According to the American Joint Committee on Cancer (AJCC), the TNM system uses a scale of 1 to 4 for pancreatic neuroendocrine tumors. It takes into account the following:
The size of the tumor (T) Whether the tumor has spread to nearby lymph nodes (N) Whether the tumor has metastasized or spread to distant sites (M ) 4.1. Stage 1 Pancreatic neuroendocrine tumor In stage 1, the pancreatic neuroendocrine tumor is no larger than 2 centimeters (79 inches) across and remains confined to the pancreas.
4.2. Stage 2 Pancreatic neuroendocrine tumor In some forms of stage 2, the tumor is larger than 2 centimeters (79 inches) across but is still confined to the pancreas.
You can also be diagnosed with stage 2 if the tumor has not spread to nearby lymph nodes or distant sites, but it has reached the common bile duct or duodenum.
4.3. Stage 3 Pancreatic Neuroendocrine Tumor You will be diagnosed with a stage 3 pancreatic neuroendocrine tumor if:
The tumor has spread to nearby blood vessels or organs (such as the large intestine or spleen) ), but it has not spread to nearby lymph nodes or distant sites. The tumor has spread to nearby lymph nodes but not to distant sites. Tumors can be any size, and may or may not be limited to the pancreas. 4.4. Stage 4 Pancreatic neuroendocrine tumor You will be diagnosed with stage 4 pancreatic neuroendocrine tumor if the tumor has spread to distant sites in the body.
You will receive this diagnosis regardless of the size of the tumor, whether it is confined to the pancreas, or whether it has spread to nearby lymph nodes.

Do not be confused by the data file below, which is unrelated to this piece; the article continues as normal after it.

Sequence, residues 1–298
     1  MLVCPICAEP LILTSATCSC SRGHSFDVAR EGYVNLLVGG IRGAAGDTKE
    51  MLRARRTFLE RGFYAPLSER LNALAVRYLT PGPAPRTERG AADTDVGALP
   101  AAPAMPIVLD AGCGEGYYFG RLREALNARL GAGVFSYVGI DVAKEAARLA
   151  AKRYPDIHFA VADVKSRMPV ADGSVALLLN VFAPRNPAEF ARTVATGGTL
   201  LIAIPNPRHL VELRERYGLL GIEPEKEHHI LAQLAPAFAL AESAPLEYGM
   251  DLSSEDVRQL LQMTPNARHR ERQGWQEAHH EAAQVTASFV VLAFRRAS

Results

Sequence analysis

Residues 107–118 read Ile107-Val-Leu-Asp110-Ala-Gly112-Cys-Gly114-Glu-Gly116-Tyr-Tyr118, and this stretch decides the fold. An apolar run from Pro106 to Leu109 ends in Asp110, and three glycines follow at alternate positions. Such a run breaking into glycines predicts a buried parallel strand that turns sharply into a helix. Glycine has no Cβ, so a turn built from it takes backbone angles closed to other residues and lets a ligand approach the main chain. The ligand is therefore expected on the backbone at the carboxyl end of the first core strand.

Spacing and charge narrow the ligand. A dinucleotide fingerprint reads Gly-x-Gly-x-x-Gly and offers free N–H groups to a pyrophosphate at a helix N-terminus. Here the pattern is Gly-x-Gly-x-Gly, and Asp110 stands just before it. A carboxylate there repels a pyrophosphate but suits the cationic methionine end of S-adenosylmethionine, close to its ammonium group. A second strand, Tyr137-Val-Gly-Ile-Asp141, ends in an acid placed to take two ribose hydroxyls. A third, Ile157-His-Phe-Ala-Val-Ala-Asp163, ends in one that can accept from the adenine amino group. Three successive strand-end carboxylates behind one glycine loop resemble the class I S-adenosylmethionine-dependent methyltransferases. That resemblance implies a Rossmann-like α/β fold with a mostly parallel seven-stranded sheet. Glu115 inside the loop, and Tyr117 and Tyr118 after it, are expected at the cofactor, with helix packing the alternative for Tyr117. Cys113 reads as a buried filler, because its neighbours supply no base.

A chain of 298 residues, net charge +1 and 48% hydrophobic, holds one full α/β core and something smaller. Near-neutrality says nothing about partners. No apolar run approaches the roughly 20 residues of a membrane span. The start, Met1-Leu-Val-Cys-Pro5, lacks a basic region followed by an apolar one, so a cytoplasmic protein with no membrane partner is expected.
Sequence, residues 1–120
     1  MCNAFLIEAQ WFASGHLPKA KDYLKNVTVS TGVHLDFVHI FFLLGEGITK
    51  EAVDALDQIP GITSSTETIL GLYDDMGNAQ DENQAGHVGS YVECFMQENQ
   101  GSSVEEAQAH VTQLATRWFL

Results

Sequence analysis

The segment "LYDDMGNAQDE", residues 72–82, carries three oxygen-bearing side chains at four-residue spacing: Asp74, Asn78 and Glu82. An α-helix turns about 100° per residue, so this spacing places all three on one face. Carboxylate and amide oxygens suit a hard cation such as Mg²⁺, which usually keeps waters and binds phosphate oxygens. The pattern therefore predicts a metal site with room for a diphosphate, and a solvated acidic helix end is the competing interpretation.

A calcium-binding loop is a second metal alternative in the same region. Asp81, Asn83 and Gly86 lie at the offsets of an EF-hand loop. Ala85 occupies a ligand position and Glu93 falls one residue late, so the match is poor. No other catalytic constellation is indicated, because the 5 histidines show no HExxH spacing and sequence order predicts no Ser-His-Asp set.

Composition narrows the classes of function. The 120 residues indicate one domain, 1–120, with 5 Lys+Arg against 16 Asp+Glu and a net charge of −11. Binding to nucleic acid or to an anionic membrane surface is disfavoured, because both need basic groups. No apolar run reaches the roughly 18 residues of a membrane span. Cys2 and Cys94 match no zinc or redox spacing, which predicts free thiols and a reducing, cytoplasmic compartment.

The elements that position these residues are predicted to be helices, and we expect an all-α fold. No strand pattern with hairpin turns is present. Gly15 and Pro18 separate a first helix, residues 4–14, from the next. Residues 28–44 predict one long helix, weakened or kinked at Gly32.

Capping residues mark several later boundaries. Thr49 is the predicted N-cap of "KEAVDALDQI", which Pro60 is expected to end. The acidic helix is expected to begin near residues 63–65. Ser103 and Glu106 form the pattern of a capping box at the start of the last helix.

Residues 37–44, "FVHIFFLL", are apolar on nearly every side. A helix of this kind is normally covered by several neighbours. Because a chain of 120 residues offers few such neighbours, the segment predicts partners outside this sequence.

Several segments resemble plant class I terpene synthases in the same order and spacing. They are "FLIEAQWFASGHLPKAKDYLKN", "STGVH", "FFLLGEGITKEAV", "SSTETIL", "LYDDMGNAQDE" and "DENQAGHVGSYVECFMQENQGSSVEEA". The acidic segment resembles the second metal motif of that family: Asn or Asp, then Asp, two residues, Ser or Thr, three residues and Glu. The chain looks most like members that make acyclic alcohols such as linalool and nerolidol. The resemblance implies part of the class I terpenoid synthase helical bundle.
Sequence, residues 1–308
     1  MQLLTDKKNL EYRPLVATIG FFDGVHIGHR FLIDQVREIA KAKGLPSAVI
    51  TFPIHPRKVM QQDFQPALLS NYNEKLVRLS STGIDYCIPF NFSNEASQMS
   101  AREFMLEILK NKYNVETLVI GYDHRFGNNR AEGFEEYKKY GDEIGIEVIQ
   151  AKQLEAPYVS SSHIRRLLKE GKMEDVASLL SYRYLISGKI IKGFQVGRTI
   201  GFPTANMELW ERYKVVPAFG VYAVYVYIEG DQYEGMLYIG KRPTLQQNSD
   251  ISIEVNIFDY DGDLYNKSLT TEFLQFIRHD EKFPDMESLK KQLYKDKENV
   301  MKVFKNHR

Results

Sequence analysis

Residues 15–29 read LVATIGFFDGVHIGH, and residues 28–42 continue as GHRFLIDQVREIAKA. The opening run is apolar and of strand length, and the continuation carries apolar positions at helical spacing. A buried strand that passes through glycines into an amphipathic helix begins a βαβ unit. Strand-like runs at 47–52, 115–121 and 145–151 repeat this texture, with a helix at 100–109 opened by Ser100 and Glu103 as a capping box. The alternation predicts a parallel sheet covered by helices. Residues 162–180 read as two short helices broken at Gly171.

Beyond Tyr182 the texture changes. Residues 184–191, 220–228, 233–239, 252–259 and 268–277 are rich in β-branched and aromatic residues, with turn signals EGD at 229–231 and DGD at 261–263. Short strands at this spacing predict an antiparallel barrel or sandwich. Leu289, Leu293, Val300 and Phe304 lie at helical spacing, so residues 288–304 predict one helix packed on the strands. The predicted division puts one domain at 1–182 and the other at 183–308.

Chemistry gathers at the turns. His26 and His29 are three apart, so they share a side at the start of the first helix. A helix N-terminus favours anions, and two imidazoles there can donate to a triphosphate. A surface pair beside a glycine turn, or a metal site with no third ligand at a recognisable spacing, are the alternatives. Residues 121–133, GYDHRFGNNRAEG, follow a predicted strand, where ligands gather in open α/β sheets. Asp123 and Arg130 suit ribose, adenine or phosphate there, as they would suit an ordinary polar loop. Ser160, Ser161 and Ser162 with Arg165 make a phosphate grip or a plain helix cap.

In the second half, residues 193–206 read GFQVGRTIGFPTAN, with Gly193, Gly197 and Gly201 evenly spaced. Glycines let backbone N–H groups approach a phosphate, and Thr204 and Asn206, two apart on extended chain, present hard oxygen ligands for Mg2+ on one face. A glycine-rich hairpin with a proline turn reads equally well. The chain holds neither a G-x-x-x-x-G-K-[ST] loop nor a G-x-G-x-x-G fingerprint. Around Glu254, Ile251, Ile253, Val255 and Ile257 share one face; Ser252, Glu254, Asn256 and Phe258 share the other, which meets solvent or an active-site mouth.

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5. What are the symptoms of a pancreatic neuroendocrine tumor? Symptoms of PNET vary depending on the type of tumor.
Symptoms of a non-functional tumor arise from the growth and spread of the tumor. Symptoms of functional tumors depend on hormones being produced and released into the bloodstream.
5.1. Symptoms of a Nonfunctional Tumor Symptoms of a Nonfunctional Pancreatic Neuroendocrine Tumor include:
Indigestion Abdominal Distention Diarrhea Abdominal pain Abdominal Tumor Yellowing of the skin and sclera of the eyes 5.2. Symptoms of a gastric pathology Symptoms of an epithelial tumor include:
Recurrent gastric ulcer Abdominal pain that responds to antacids Gastroesophageal reflux disease Diarrhea 5.3. Symptoms of an insulinoma Insulinoma can cause a high heart rate and low blood sugar. Symptoms if blood sugar is low are:
Headache Blurred vision Weakness Irritability Increased hunger 5.4. Symptoms of a glucagonoma Symptoms of a glucagonoma include:
Rash on the abdomen, legs, or face Diarrhea Unexplained weight loss Tons and mouth sores A glucagonoma can also cause blood clots, possibly can lead to the following symptoms:
Shortness of breath Chest tightness Cough Pain in arms or legs Swollen hands or feet A glucagonoma can also cause high blood sugar, which can lead to the following symptoms:
Headache Dry skin Frequent urination Hunger Thirst 6. How is pancreatic neuroendocrine tumor diagnosed? The first step in diagnosing a pancreatic neuroendocrine tumor is to complete a complete physical exam, taking into account your and your family's medical history. The next step in diagnosing a pancreatic neuroendocrine tumor is a blood test or imaging technique to look for a tumor.